In our study, we obtained a strong association between high doses (>77 Gy) and late GU toxicity for both WB and IB (rpb = 0.09 and 0.08, respectively). This suggests that bladder filling at the time of planning CT was well reproduced in all patients. Indeed for every patient the likely constant ratio between prostate length and bladder length was preserved by the associated volumes, therefore, the bladder filling was approximately the same in all patients; the second result means that both WB and IB exposition to high doses is correlated with late GU toxicity. Along this way, we can, therefore, deduce that the dose to IB may be related to late GU toxicity with little influence from the degree of bladder filling. Recently, Ghadjar et al.[23] analyzed the association between bladder DVHs (i.e., WB, bladder wall, urethra, and bladder trigone) and GU toxicity. They showed that hot spots to the bladder trigone are significantly associated with late GU toxicity; in particular, the univariate analysis for late ≥2 GU toxicity-free survival comparing clinical and dosimetric variables showed that only grade ≥2 acute GU toxicity (P = 0.01) and increased trigone V90 (P = 0.047) were associated with grade ≥2 late GU toxicity. Heemsbergen et al.[24] studied the relationship between late urinary obstruction and dose parameters in 557 patients from the Dutch trial (68 Gy vs. 78 Gy); they analyzed the absolute dose surface and the dose maps representing the dose in the total “bladder region” around the prostate. In the absolute dose surface analysis, they found that high dose regions (≥80 Gy) were associated with the development of urinary obstruction; in the dose maps analysis there was a strong relationship between late GU toxicity and the dose received in the trigonal area.

The impact of high doses to the IB in the development of late GU toxicity, suggests for this organ a trend in serial rather than parallel architecture, as also reported by other authors.[14],[24] Cheung et al. showed that the Lyman Kutcher Burman model fitted the toxicity data better than the mean dose model, obtaining a volume factor n close to 0. A serial-parallel behavior, instead, was reported for chronic moderate/severe urinary toxicity;[25] in any case, the authors agree with the fact that the fraction of bladder receiving doses higher than 78–80 Gy was the most predictive of late GU toxicity (i.e., the regions of the bladder with “high dose” spots seem to be more sensitive than others and increase the risk of late GU toxicity). However, the small amount of data in literature about the dose-volume analysis and NTCP modeling of the bladder toxicity, makes difficult to identify the true radiobiological behavior of the bladder, and more information from other authors are therefore needed.

In our univariate analysis, we obtained a correlation between acute and late GU toxicity (odd ratio of 4.8, with a P = 0.06 tending to significance). We reported an acute grade ≥2 GU toxicity in about 70% of patients that was correlated with smoking status at univariate analysis (odd ratio of 14.1, P < 0.001), as reported in literature;[26] the point biserial correlation coefficient for acute grade ≥2 GU toxicity showed a statistical significance only for 80 Gy. Many authors in literature reported an acute grade ≥2 GU toxicity ranging between 30% and 60%,[27],[28],[29],[30] without a clear link between bladder DHV parameters and acute GU toxicity.[31],[32],[33],[34],[35],[36],[37],[38],[39],[40]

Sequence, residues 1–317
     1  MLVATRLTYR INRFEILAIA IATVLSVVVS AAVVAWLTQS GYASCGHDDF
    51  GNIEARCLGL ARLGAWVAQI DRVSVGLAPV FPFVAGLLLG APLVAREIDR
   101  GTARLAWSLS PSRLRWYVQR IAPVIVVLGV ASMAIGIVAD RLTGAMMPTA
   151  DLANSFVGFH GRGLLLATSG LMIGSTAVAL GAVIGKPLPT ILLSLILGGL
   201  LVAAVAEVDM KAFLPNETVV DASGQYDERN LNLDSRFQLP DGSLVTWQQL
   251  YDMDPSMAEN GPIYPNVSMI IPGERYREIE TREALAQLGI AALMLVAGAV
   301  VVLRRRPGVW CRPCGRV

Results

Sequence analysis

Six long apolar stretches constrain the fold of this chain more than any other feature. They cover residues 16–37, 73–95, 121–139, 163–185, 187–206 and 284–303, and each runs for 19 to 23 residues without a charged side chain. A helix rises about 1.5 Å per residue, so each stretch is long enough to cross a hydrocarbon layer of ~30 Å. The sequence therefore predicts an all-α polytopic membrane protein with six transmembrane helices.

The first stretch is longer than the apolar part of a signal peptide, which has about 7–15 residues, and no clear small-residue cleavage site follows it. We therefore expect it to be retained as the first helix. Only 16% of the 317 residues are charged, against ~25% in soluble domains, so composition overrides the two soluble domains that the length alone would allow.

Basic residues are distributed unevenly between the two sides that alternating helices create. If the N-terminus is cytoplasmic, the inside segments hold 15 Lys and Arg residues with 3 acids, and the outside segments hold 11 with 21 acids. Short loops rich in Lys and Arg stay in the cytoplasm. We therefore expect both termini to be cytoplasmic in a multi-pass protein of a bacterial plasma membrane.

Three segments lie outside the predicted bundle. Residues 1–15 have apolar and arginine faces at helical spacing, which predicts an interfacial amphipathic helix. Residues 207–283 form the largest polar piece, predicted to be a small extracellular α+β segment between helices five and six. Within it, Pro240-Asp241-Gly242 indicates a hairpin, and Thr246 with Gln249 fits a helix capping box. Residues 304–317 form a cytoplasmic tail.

The cut-off volume NTCP modeling, gave a value of 6 cc (3.2–20.5) of volume bladder as the significant cut-point (95% CI) determinant of late 4-year GU toxicity, for both whole and IB. From our data, we found that late GU toxicity occurred in all patients receiving a dose ≥75 Gy to 6 cc of bladder. In addition, more than half of the GU toxicity came about in patients who had 77 Gy to 6 cc of bladder. This result confirms the previous DVH analysis for late toxicity, in which we found a strong association between high doses (>77 Gy) and late GU toxicity. Moreover, the dose value of 77 Gy that corresponds to a GU toxicity of 50% is within the 95% CI of the DVc (50) value (75.5 Gy-∞ for the IB). These results well agree with those reported by Cheung et al.[14] They found that the absolute hottest volume was 5.3 cc (95% CI: <0.1–15.3 cc), for the solid bladder, and identified, for the 2.9% of bladder, a 25% risk of grade 1 or above late urinary toxicity for patients receiving <78 Gy and a 50% for doses ≥of 78 Gy. In our study, however, we investigated the associations between DVHs and late toxicity ≥G2 without considering the G1 toxicity, as reference 14 did. Harsolia et al.[25] in his work tried to identify factors that were predictive for chronic urinary toxicity from DVH analysis, considering both the bladder wall and WB. He concluded that of all parameters under investigation, only V82 was the most strongly associated with chronic urinary toxicity, both for the wall and the WB, suggesting to limit, for the WB, the V82 to a cut-off volume of 2.5 cc. This result agrees with our results; in fact, we found that the strongest correlations between DVH data and GU toxicity were obtained at high doses for both WB and IB, even if our dose prescription to PTV was lower than Harsolia and the dose hotspots were also lower. Therefore, the cutoff volume found, was larger than reported by Harsolia et al.[25]

 > Conclusions Top

Our correlation analysis between clinical and dosimetric parameters and GU toxicity demonstrated that the IB is accountable of bladder toxicity. In any case, confirming data are needed to better understand the relationship between bladder filling and GU toxicity. Bladder maximal doses, quantified as hotspots, seem to be correlated with GU toxicity. Finally, from the NTCP cut-off volume model we identified a bladder volume of 6 cc as the cut-off volume corresponding to a GU toxicity of 50% at doses ≥77 Gy.

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Conflicts of interest

There are no conflicts of interest.

 > References Top

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  [Figure 1]

  [Table 1], [Table 2], [Table 3], [Table 4], [Table 5], [Table 6]